Posted by Brian Utterback on October 27, 2006 at 12:46 AM PDT #

Interesting point, Brian, and I don't blame Oracle. I completely understand why they feel this is a good move for them. All I'm saying is that this is a destabilizing move for Oracle's customers. Oracle's reputation for service seems to have some chinks in its armor; from customers I speak to directly, I hear plenty of complaints about Oracle's service quality, and I'm not alone here. So the premise that Oracle is going to provide better RHAT service than RHAT does is unproven at best. RHAT published this on their front page today: They clearly state that Oracle's RedHat is a fork and that support from RedHat is uncertain. Now ISVs have to choose which distribution they will support and certify. That's just added cost to Oracle's ISVs, and it's created uncertainty and a more complex decision-making process for customers. If Oracle wins, it may be fine for them, but it's certainly not going to win them love from their customers. I'm not sure why customers would want this move. And if Oracle were customer-focused, I'm not sure why Oracle would do this move, either.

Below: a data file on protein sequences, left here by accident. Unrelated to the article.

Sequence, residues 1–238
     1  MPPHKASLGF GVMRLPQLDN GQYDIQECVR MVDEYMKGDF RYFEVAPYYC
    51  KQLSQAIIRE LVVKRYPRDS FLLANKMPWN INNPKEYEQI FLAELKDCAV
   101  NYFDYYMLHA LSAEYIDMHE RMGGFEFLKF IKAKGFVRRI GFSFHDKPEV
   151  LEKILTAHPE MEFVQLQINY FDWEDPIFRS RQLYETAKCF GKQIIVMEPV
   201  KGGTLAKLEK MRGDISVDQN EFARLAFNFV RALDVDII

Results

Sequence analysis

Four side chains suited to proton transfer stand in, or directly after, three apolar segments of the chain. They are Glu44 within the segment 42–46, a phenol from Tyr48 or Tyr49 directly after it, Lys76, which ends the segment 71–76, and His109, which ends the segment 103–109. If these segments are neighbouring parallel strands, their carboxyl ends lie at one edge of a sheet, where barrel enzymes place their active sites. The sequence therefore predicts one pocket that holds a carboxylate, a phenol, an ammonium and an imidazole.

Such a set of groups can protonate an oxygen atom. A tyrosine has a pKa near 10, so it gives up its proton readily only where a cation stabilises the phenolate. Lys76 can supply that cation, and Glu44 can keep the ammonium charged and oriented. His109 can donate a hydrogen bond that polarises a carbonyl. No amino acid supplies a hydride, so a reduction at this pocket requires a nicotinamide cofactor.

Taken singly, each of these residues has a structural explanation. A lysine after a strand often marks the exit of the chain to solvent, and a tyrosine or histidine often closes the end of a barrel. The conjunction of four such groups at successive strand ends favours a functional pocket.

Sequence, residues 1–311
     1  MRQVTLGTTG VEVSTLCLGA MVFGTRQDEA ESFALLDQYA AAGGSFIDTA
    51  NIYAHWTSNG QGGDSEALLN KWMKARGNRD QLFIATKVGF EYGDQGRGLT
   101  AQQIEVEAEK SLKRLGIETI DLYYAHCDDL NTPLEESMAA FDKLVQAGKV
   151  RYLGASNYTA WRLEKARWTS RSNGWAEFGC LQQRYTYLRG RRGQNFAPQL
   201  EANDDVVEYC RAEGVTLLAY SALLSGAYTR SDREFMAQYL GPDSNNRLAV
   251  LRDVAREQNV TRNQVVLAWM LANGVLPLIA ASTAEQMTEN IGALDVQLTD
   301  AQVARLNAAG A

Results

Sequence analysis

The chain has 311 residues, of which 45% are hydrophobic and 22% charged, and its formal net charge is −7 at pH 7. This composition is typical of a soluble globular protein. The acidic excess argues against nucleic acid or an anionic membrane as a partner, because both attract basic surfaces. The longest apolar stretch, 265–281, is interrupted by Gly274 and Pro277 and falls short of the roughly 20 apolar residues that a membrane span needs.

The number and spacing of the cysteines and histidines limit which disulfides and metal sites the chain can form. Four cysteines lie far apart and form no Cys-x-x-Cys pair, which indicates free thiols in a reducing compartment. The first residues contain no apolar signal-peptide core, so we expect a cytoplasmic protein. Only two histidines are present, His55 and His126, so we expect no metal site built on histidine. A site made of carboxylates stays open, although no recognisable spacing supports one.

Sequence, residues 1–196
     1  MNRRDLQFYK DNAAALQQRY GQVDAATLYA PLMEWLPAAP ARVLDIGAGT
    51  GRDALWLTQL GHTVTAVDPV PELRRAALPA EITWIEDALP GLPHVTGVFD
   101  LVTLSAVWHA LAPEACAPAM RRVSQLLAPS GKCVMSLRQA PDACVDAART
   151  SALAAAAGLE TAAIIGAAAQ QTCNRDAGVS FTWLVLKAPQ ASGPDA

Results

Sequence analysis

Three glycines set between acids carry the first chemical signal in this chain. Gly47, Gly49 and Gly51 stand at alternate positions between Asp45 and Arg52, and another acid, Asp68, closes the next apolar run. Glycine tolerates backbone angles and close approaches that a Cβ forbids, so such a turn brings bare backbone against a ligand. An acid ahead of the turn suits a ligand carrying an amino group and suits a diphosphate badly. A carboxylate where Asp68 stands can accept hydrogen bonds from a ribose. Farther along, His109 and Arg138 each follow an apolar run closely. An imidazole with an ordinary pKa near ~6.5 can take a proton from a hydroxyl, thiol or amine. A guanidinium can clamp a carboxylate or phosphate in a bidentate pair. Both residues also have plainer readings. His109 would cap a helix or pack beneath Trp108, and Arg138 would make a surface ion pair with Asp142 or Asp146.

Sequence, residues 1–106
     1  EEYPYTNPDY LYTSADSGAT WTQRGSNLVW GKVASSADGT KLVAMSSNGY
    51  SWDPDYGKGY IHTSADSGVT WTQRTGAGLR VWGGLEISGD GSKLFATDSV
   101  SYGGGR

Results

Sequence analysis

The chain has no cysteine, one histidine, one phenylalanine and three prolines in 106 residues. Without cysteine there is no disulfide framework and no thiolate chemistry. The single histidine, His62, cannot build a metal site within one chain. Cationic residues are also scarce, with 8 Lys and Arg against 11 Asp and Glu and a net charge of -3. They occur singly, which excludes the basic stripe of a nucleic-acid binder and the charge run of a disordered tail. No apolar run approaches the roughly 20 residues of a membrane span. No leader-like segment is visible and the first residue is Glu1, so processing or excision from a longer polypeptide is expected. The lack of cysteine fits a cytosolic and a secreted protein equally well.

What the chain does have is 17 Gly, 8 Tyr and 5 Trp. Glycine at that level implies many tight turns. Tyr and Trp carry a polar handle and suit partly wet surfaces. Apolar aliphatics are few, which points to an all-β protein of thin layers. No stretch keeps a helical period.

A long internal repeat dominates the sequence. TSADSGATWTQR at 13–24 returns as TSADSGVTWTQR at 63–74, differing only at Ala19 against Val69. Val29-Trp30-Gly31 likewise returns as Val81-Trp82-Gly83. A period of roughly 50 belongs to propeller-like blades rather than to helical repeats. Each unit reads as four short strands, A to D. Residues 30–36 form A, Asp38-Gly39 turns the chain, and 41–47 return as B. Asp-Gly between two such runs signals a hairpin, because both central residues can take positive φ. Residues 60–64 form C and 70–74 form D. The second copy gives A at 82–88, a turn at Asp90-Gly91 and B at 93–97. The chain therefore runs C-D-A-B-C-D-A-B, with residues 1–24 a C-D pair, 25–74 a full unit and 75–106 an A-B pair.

Posted by George Drapeau on October 27, 2006 at 04:40 AM PDT #

I don't think that Oracle's decision is something new. I can say that Oracle from now on has changed the way that is offering the RHAT Linux suuport from free to billable. Oracle is now trying to get money from Linux. I know for sure that Oracle (at least for the last two years) was offering Free support for RedHat Linux OS to any customer that had a support contract for any Oracle'sTechnology Server products (Database, Application Server, Collab Suite) and have them installed in RHAT Linux.

Posted by George Kanellopoulos on October 29, 2006 at 05:45 PM PST #

The trick for Oracle is to maintain (or even guarantee) binary compatibility with RHEL. If they can do that, then they might be able to stop the encroachment of the OS folks looking to expand the system stack.
Its interesting that RH's immediate argument/response in the "Unfakeable Linux" piece was to assert that anyone making bug fixes than them were forking the base. Unless they think they are the only ones who understand how to fix the OS, there cant be any truth to that. Its probably the lamest response I've ever seen to a major announcement.

Posted by Vijay Tatkar on November 01, 2006 at 02:29 AM PST #

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The views expressed on this blog are my own and do not necessarily reflect the views of Oracle. What more do you need to know, really?